Die letzten 5 Focus-News des innovations-reports im Überblick:

Im Focus: Making lightweight construction suitable for series production

More and more automobile companies are focusing on body parts made of carbon fiber reinforced plastics (CFRP). However, manufacturing and repair costs must be further reduced in order to make CFRP more economical in use. Together with the Volkswagen AG and five other partners in the project HolQueSt 3D, the Laser Zentrum Hannover e.V. (LZH) has developed laser processes for the automatic trimming, drilling and repair of three-dimensional components.

Automated manufacturing processes are the basis for ultimately establishing the series production of CFRP components. In the project HolQueSt 3D, the LZH has...

Im Focus: Wonder material? Novel nanotube structure strengthens thin films for flexible electronics

Reflecting the structure of composites found in nature and the ancient world, researchers at the University of Illinois at Urbana-Champaign have synthesized thin carbon nanotube (CNT) textiles that exhibit both high electrical conductivity and a level of toughness that is about fifty times higher than copper films, currently used in electronics.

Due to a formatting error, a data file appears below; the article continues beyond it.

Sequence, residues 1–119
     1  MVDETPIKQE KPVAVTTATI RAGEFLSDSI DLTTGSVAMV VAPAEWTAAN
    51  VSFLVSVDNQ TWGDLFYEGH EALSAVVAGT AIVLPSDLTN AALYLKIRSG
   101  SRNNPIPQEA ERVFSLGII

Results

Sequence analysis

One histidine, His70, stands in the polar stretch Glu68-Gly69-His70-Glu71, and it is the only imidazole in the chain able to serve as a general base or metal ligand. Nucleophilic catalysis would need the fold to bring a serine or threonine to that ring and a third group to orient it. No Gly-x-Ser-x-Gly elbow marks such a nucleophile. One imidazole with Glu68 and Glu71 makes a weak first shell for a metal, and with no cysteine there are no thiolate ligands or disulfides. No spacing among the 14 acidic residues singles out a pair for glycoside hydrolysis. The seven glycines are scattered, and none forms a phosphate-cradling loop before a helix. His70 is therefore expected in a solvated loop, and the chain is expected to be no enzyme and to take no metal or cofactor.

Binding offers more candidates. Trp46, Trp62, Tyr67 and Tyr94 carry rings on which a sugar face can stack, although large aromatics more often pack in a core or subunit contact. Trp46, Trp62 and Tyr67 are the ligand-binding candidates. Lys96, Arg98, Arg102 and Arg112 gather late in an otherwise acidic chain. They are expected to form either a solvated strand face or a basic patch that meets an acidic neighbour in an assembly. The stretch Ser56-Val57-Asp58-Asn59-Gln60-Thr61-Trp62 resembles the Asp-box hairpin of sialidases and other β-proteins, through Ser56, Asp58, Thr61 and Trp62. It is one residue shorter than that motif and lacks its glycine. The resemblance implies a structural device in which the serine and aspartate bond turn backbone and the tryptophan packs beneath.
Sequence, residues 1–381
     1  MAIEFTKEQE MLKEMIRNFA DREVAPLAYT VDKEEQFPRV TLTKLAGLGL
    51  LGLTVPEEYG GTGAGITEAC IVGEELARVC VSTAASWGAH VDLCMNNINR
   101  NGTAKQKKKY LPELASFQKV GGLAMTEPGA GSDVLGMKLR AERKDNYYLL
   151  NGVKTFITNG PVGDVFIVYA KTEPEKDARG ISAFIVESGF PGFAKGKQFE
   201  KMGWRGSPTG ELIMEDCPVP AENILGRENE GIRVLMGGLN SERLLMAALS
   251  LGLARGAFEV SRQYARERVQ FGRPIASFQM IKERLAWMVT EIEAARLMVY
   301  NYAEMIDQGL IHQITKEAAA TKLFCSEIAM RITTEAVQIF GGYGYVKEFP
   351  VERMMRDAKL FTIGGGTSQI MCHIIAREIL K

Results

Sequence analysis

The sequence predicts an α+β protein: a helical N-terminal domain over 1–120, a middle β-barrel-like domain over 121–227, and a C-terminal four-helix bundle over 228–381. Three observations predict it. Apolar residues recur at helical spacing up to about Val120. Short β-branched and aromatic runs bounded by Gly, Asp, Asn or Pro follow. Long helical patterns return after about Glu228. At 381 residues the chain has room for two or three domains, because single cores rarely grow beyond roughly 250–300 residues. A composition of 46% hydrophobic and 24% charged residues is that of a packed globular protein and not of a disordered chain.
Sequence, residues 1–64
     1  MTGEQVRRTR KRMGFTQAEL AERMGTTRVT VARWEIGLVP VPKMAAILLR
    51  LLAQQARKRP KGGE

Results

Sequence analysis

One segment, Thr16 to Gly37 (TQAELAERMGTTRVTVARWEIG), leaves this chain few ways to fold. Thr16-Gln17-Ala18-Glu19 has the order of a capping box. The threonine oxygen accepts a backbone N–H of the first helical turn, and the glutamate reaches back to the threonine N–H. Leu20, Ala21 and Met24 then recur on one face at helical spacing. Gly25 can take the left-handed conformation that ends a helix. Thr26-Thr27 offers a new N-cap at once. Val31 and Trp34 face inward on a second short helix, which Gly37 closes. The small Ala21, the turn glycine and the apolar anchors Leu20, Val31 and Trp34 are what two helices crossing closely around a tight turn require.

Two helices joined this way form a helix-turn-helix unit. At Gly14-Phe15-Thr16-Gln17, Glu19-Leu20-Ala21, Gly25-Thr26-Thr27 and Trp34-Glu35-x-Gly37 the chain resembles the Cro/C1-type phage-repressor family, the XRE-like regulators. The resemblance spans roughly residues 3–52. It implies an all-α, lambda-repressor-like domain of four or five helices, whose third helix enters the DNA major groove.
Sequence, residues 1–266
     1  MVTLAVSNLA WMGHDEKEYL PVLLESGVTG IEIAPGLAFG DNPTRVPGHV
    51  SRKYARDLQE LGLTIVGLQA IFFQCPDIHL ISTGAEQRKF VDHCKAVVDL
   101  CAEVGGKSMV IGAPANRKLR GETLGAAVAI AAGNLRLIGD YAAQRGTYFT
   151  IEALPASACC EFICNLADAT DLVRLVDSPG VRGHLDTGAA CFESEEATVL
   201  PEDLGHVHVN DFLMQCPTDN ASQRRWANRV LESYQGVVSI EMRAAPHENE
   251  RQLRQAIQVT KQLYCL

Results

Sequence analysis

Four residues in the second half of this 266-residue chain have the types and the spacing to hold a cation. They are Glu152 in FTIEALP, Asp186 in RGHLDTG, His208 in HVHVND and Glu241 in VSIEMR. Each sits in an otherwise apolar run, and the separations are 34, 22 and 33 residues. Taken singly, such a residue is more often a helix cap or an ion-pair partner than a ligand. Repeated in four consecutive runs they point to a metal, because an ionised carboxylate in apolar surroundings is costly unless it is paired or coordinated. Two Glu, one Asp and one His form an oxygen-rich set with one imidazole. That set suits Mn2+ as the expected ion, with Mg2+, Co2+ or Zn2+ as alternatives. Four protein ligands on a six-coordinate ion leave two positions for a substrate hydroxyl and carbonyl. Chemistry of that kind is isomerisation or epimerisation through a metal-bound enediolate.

"The structural robustness of thin metal films has significant importance for the reliable operation of smart skin and flexible electronics including...

Im Focus: Deep inside Galaxy M87

The nearby, giant radio galaxy M87 hosts a supermassive black hole (BH) and is well-known for its bright jet dominating the spectrum over ten orders of magnitude in frequency. Due to its proximity, jet prominence, and the large black hole mass, M87 is the best laboratory for investigating the formation, acceleration, and collimation of relativistic jets. A research team led by Silke Britzen from the Max Planck Institute for Radio Astronomy in Bonn, Germany, has found strong indication for turbulent processes connecting the accretion disk and the jet of that galaxy providing insights into the longstanding problem of the origin of astrophysical jets.